In the opening minutes of the second period, Parsons faced a few more golden opportunities for the Latvians, with the US defense being a little overly aggressive on the offensive end of the ice, leading to several odd-man rushes.  Parsons slammed the door shut on a second clear-cut breakaway, though, signaling that he was no longer interested in allowing goals against the over-matched Latvian side.  Despite only facing twelve shots on the night, Parsons made a few sensational saves to allow his team to continue attacking and separate themselves on the scoreboard.  Minutes after the breakaway save by Parsons, with a delayed penalty coming, WJC veteran Colin White took a pass at the left face-off circle from UConn’s Tage Thompson, which put White on a partial breakaway of his own with Latvian goaltender Mareks Mitens.  White made a nice move to his forehand and fired a quick snapshot off the underside of the crossbar and down, beating Mitens and giving Team USA its second goal of the game.  The Americans would continue to make things a little harder on themselves than they needed to, though, taking two penalties in quick succession midway through the second, while holding that same 2-1 lead.  They killed off that 5-on-3, and they slowly settled down and took control of the game from there.  After several minutes of offensive zone time, and with just over a minute left in the second period, White got the puck again in the high slot and sent a soft snapshot on net.  Mitens was unable to handle it cleanly, and the rebound off of his right leg pad slid just to the edge of the blue paint, where Clayton Keller was waiting and calmly put it home, giving the US a 3-1 lead as they went to the locker room for the second intermission.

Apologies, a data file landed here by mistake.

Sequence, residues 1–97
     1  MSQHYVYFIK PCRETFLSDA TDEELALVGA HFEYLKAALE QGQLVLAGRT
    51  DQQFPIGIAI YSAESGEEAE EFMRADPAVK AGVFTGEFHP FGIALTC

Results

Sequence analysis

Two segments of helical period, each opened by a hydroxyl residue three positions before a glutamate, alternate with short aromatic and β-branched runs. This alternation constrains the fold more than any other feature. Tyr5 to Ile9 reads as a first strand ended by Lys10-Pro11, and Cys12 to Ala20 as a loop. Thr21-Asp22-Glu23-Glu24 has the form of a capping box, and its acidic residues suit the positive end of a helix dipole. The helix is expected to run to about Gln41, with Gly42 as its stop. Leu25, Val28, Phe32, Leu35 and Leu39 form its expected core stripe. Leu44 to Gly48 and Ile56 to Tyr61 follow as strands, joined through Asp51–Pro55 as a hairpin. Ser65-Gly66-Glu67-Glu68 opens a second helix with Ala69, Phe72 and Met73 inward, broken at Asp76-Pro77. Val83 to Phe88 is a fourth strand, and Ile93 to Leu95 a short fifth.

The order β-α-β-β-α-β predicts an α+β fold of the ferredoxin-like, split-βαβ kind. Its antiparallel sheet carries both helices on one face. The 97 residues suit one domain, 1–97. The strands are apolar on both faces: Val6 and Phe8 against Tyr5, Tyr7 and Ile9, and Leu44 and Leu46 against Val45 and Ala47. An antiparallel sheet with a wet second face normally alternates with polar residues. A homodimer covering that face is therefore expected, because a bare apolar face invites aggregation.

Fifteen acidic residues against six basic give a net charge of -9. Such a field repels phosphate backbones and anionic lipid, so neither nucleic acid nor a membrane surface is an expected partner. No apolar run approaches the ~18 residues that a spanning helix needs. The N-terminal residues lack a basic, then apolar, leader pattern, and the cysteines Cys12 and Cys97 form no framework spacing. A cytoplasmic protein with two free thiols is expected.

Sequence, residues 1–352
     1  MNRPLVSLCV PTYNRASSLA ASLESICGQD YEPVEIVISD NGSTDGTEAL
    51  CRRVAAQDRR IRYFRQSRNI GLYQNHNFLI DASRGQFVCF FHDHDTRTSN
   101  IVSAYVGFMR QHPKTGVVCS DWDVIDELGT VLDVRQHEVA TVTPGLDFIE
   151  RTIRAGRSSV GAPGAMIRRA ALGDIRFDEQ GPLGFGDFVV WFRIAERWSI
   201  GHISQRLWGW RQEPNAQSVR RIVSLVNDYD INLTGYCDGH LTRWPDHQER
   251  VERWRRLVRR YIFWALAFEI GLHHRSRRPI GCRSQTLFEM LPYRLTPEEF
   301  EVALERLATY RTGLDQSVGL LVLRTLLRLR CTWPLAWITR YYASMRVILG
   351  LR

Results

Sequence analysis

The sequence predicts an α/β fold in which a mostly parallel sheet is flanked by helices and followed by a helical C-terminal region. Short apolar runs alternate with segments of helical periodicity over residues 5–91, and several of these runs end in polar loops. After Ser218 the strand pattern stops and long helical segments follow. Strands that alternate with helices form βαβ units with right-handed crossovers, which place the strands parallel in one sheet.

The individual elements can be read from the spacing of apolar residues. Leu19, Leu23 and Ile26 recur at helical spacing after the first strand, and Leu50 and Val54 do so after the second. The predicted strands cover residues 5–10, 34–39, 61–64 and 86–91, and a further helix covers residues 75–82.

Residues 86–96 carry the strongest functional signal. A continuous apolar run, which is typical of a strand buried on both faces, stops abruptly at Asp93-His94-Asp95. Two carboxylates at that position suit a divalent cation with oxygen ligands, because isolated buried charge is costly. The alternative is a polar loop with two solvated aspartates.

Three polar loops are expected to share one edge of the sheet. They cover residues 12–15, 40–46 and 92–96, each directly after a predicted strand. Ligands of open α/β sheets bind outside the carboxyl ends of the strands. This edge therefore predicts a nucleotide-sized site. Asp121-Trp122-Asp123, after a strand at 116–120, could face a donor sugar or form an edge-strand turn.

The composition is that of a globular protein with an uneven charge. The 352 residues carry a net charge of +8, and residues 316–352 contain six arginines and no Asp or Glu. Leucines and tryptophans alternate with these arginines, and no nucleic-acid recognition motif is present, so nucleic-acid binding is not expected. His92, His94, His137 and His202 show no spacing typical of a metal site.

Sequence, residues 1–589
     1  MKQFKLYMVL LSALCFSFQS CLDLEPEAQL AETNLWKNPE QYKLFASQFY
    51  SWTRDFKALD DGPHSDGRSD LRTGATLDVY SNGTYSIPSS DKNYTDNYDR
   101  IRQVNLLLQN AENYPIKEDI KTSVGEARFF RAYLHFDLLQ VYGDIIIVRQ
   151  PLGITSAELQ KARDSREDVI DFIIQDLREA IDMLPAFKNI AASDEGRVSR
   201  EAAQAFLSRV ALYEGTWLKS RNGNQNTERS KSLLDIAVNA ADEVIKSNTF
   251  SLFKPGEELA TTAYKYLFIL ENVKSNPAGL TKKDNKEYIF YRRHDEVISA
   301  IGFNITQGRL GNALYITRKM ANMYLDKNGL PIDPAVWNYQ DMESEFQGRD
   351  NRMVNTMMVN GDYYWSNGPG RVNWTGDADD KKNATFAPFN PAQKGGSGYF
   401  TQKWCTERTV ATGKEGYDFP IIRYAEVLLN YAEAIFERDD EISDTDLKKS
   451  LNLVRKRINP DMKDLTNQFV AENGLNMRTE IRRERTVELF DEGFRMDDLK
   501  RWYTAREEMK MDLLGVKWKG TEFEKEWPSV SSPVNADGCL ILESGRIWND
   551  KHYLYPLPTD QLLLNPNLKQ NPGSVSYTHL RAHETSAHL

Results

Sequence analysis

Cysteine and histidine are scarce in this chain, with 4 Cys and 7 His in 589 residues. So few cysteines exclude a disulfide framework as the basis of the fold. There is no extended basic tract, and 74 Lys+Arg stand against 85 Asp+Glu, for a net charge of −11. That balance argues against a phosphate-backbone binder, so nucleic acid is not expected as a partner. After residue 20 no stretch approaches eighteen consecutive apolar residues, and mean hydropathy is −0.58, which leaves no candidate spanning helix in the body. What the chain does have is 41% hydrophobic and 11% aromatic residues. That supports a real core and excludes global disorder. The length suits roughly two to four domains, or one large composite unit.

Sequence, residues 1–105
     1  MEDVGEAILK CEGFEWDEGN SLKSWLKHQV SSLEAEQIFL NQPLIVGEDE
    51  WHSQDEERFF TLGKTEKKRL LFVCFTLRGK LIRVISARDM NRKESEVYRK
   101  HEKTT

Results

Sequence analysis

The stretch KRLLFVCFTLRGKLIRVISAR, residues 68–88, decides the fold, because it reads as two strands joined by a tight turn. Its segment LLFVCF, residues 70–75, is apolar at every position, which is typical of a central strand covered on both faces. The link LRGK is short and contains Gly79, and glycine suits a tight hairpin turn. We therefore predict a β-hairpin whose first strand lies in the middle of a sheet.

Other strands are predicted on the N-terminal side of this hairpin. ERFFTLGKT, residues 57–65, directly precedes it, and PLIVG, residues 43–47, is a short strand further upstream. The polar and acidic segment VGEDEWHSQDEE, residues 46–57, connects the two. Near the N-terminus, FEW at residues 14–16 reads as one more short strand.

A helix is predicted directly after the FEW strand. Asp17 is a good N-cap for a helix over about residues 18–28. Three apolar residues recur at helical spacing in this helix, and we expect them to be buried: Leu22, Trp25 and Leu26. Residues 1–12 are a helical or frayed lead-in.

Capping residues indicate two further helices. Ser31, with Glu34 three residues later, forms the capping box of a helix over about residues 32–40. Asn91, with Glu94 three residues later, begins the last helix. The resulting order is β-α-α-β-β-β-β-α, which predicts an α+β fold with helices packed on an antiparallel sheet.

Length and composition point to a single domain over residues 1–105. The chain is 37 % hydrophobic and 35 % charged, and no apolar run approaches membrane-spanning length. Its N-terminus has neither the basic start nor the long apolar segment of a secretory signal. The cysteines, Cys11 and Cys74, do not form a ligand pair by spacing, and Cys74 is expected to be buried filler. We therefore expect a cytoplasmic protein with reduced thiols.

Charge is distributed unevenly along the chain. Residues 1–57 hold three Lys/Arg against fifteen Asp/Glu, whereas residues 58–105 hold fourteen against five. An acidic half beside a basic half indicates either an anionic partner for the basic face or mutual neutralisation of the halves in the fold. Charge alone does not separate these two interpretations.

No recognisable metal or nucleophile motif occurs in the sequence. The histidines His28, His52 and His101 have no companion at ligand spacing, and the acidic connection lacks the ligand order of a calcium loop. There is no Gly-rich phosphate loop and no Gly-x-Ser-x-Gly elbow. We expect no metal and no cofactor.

Team USA maintained that margin until the 12:19 mark of the third period, when Keller stripped Latvian defenseman Karlis Cukste at the left hash, circled to the top of the slot and fired a rocket of a wrist shot against the grain on Mitens, beating him to the glove side.  Keller’s second of the game finally broke the game open and put it out of reach for Latvia.  USA would add two more goals in the final two minutes of the game, giving it a more substantial victory.

    The Wild prospects that played in the game for USA were both impactful.  Jordan Greenway made his physical presence known, always getting in the face of the goaltender and being involved in extra-curriculars after what seemed like every whistle.  At 6’5” tall, Greenway is definitely a big, physical forward, who looks to get under the skin of his opponents.  He handles and protects the puck well when he gets it on his stick, and he has the look of one day becoming a prototypical power forward.  He scored in the final minute of the game off a rebound from fellow Wild prospect Kunin, who had batted the puck out of midair.  Kunin had a nice game as well, earning the assist on Greenway’s goal, drawing an early penalty by driving in on net, and narrowly missing a goal of his own with a shot off the post in the first period.  With the game tied, he also blocked a big shot in the opening minutes of the second period that shook him up, but essentially nullified a Latvian power play when they had a chance to take the lead in the game.

    While it wasn’t the start-to-finish domination that Head Coach Bob Motzko would have wanted, Team USA ultimately completed a convincing win, and should feel good as it heads into their next game against Slovakia on Wednesday.  Chalk this one up to growing pains for now, but USA will look for more complete performances in the remaining preliminary games.